Jonathan Shaw states in his letter (October 15) that we need to grow up fast, in the digital age, and that the public needs to be more aware of the freedoms and constraints inherent in our increasing adaptation to the digital age. He is right.
However, politicians and lawmakers should do the same. The internet was not made for storing data abroad, in anonymous data centres without personal supervision, but as an infrastructure for data transmission to and from our own controlled and locally stored devices that contain our own data. The pros of the cloud (higher availability, lower costs) made us forget about that.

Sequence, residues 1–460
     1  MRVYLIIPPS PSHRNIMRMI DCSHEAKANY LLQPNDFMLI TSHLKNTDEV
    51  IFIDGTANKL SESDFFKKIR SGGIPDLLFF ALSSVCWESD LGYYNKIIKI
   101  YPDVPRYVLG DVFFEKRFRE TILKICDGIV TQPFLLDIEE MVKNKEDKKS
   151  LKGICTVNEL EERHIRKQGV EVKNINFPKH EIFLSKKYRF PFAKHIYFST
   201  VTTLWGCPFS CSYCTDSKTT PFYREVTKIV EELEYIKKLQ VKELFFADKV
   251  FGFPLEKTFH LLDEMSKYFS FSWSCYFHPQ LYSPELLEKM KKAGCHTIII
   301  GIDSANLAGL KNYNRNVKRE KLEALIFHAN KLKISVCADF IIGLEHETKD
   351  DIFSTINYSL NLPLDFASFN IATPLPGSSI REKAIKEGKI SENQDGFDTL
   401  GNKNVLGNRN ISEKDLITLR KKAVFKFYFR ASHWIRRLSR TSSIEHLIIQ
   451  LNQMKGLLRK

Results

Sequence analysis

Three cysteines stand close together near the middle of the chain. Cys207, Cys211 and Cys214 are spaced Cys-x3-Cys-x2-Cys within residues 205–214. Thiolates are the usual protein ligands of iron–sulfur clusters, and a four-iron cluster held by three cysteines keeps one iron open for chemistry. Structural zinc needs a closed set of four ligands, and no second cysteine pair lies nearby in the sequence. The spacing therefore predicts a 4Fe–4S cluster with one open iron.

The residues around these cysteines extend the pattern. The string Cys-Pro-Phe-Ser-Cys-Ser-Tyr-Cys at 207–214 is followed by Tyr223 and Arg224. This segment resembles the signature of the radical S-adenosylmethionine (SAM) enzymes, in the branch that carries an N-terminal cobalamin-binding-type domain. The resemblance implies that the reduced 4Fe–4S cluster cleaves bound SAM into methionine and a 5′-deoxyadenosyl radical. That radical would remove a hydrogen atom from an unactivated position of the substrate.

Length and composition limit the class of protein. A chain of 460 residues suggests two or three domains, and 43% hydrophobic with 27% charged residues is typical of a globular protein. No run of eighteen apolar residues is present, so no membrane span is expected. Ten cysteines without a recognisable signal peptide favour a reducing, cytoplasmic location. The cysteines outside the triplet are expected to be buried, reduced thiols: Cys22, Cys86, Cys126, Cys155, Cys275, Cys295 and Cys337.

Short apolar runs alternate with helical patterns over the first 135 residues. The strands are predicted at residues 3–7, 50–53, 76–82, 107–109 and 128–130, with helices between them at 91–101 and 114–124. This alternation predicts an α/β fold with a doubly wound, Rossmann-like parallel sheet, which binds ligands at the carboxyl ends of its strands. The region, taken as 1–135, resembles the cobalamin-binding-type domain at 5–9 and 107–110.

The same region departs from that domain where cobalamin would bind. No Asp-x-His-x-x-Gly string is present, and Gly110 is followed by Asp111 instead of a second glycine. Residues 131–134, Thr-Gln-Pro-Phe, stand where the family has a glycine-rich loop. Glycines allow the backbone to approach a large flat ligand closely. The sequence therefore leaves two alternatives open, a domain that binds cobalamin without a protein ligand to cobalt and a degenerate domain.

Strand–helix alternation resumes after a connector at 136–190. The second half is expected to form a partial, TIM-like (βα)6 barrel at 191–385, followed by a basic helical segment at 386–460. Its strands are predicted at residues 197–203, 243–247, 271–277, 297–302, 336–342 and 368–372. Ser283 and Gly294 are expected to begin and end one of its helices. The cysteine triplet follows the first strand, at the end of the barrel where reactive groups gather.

If politicians and lawmakers want to do their citizens a service in this digital age, they should consider giving them back control of their own data. This starts with stricter policies, and stricter enforcement thereof, for data processing by governments themselves. Next, they should upgrade privacy laws and make it more appealing to develop and deploy private clouds for every citizen: an encrypted, safe harbour where we store our own data, and control and oversee which companies access it.